Sam Harris recently had a conversation with Scott Adams (Dilbert creator and author of How to Fail at Everything and Still Win Big) about Trump. Adams predicted Trump's victory because he sees Trump as a master persuader. There's a lot to say about that but Adams made a really useful distinction about what he saw as the three stages of climate change policy. He distinguishes between:
1) The reality of climate change as an ongoing phenomenon that seems to be man made;
2) The ability to simulate future climate change with good models; and,
3) An appreciation of the economic policy implications of the above.
A decade or three ago, it was fashionable to dismiss climate change. This has become problematic for at least two reasons. One, the science is not that sophisticated. Certain industrial activity releases greenhouse gases. These gases - as the name suggests - work like a greenhouse and trap heat. That science is not exactly quantum entanglement and the data for greenhouse gas emissions and resultant warming seems to track pretty well to the theory. So Adams cedes this point and allows that climate change is probably real and ongoing.
In this he has sort of put his finger on something really important and is sort of missing the point (probably intentionally).
What is really important is that systems define so much about what does or does not go well in our world - systems as varied as the economy and financial markets, energy systems, ecosystems and school systems - and yet we really don't understand system dynamics that well. Systems are tough to model and our models are not great. This is reason to be skeptical about any predictions but it also suggests that systems modeling deserves a massive infusion of research money. A crowd was gathered to watch a hot air balloon ascend and some woman said, "What is the use of all this new technology." Benjamin Franklin answered, "Madam, what is the use of a new born infant?" Systems simulation matters a great deal and is not that mature. Better to invest more heavily in it than to walk away from it. (And I think that computers' ability to simulate systems is maturing just when that capability is most needed for shaping policy dependent on such systems.)
And even with admitted limitations of models for any systems, it is worth asking whether even the models Adams was tweaking for his boss were all that bad. Once you understand a model for an economy or business, you articulate risks, a range of outcomes, and important variables. With good models you learn what factors they are most sensitive to (housing mortgages are sensitive to widespread economic downturns or refinancing from a drop in interest rates, for instance) and even spotty historical data can give you some sense of the probability of those events. (Yes. Nassim Taleb has rightfully pointed out that markets can be rocked by unpredictable events but risk mitigation can protect you from some of these rare events. A person who has saved three years of salary is better prepared for an event "they never could have predicted" than is someone with only three months of salary.) Financial models are a little sketchy in prediction but there are ways to gauge their efficacy in spite of a large margin of error. (For instance, only about 20% of businesses succeed past 5 years. If your bank lending model assumes that is going to raise to 50%, it will probably be wrong; if it assumes that it will raise to 25% or drop to 15%, it could be right but done properly even that should require a coherent explanation that tracks to the numbers rather than arbitrary tweaks.) Further, to the extent that Adam's boss was unique in cheating the models so that they showed what he wanted, his bank would suffer. There is a drive to make models more accurate and - within the financial world at least - big rewards for such accuracy.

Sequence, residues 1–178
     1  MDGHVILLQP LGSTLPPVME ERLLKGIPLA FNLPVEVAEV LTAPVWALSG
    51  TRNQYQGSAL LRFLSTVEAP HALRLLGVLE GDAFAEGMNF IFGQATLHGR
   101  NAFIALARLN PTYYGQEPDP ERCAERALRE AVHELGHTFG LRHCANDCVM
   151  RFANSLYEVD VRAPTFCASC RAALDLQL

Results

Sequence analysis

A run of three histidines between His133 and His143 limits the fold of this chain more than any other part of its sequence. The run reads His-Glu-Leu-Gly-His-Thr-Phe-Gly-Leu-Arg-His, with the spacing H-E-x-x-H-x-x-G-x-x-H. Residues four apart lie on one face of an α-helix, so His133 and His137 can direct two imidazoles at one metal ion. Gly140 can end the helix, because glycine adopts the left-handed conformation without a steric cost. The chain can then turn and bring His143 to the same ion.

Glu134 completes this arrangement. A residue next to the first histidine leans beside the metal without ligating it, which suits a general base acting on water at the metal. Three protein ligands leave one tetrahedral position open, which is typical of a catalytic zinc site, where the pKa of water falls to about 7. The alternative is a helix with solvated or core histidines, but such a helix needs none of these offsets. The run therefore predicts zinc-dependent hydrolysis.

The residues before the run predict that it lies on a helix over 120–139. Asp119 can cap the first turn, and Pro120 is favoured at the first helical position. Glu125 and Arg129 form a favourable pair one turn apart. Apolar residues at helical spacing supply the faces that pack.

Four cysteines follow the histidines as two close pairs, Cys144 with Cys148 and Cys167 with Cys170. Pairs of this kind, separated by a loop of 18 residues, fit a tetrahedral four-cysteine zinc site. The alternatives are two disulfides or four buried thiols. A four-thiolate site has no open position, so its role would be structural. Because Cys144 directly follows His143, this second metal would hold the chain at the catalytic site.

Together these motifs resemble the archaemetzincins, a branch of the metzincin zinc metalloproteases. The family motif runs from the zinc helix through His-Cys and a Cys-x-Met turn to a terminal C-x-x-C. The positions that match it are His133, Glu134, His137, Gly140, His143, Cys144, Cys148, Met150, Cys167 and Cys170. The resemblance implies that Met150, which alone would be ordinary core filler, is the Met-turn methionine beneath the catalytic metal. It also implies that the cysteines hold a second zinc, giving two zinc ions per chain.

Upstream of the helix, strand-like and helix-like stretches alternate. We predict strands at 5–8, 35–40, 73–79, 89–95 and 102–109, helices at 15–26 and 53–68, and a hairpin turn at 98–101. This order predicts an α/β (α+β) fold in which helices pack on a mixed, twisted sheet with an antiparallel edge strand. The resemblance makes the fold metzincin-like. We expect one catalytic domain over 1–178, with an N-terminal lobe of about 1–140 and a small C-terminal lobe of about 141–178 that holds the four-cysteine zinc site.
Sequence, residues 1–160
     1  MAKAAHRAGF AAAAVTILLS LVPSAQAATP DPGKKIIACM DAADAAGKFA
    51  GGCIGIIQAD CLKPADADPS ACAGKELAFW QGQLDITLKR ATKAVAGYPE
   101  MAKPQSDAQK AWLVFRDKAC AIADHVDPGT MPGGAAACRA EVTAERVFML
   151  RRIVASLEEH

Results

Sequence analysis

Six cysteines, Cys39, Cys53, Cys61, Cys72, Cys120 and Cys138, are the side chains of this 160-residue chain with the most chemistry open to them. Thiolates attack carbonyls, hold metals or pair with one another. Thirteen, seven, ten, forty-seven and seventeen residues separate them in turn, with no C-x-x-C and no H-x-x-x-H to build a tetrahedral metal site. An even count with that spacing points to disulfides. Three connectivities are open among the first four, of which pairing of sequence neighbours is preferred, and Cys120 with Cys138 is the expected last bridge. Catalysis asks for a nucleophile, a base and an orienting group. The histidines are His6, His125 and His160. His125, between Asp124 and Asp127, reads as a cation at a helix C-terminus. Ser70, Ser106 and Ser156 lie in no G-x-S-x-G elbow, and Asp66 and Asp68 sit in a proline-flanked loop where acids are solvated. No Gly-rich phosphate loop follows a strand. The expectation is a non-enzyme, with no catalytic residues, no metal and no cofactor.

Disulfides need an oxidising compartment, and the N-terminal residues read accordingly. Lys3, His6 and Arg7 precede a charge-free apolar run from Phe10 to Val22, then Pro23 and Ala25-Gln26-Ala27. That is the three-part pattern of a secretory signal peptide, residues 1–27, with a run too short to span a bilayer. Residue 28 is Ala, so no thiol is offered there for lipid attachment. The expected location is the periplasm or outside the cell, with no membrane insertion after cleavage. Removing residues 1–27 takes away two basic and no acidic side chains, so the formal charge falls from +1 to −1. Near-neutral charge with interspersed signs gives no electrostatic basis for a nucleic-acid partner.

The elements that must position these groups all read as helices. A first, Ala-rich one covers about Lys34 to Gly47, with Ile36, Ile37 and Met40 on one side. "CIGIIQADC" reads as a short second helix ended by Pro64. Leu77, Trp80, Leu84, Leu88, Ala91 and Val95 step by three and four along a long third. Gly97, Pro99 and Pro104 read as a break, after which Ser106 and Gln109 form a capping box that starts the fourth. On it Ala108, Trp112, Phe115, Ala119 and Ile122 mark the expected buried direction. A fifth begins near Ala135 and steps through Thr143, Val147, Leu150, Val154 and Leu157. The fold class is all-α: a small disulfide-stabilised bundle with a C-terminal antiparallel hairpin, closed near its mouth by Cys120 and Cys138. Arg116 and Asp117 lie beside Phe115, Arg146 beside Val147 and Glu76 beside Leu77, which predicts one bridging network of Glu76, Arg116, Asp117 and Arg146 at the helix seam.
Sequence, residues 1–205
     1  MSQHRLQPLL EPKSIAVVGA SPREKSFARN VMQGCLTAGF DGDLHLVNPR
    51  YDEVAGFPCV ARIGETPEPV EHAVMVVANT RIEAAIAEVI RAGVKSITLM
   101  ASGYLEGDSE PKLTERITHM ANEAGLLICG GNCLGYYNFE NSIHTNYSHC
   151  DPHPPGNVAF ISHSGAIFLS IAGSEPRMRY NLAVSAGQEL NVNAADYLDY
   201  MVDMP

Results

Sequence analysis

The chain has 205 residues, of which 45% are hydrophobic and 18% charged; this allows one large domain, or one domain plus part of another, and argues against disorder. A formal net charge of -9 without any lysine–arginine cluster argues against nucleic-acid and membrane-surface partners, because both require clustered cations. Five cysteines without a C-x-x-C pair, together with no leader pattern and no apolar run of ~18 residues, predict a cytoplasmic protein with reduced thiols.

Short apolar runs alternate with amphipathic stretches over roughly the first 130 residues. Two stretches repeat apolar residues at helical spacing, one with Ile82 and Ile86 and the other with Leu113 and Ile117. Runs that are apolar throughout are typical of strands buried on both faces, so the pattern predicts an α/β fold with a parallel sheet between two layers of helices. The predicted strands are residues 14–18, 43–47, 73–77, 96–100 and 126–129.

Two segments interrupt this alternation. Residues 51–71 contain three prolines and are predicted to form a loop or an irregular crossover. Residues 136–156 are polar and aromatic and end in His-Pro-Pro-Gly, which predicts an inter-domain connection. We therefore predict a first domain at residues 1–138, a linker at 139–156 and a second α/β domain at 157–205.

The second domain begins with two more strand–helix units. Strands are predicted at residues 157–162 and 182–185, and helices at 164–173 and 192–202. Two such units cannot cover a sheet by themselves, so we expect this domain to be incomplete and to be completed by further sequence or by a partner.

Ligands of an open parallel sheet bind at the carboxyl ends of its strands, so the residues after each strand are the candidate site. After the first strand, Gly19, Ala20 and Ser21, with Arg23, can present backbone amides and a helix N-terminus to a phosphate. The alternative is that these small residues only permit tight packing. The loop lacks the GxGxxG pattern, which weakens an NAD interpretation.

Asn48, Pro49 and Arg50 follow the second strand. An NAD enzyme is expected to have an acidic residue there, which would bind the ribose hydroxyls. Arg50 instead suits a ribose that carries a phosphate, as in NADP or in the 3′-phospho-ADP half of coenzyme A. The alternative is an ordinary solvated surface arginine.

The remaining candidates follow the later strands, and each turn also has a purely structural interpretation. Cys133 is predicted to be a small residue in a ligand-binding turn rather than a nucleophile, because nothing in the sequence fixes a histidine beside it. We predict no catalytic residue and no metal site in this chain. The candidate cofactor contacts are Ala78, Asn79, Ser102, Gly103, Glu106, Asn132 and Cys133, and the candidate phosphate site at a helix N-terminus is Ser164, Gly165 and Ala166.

Models force questions and conversations about what variables matter and they bound reasonable outcomes. It is true that climate change models will be wrong but the simplest truth is pretty easy to predict: we will emit more greenhouse gases and temperatures will be higher than they would have been without these emissions. There are a host of unknowns that come with that (will particular regions benefit or lose, will changes in wind or sea currents result in unexpected cooling in certain regions, might unforeseen natural phenomenon or new technology absorb these gases, etc.) but the general story is known. If you invest in stocks over a 25 year period you can't be sure of when your portfolio will drop by half or raise 20% a year for successive years but you can reasonably guess that over your lifetime you'll be a better shape for having saved 10% of your income than not. Same with greenhouse gases; reducing emissions will drive less uncertainty, disruption and climate change.
Denying climate change is in a long tradition of denying scientific results like the health hazards of tobacco or the notion that we orbit the sun. Climate change deniers are traditionalists who conflate market economies with oil and gas and see an admission of climate change as a threat to those forces. (It does seem like climate change will threaten oil and gas. The possibility of oil and gas being displaced by alternative energy is not a refutation of markets that periodically unleash gales of creative destruction, though, but is instead an affirmation. Markets are no more dependent on oil than horses and markets don't treat fossil fuel industries as sacred.)
As to Adams' third point about evaluating the economics of climate change policy, I'll just say this. If it is inevitable that we'll adapt new energy technologies, there is less likely to be a penalty for rushing into creating and then converting to alternative energies than there is to be a penalty for delaying that change.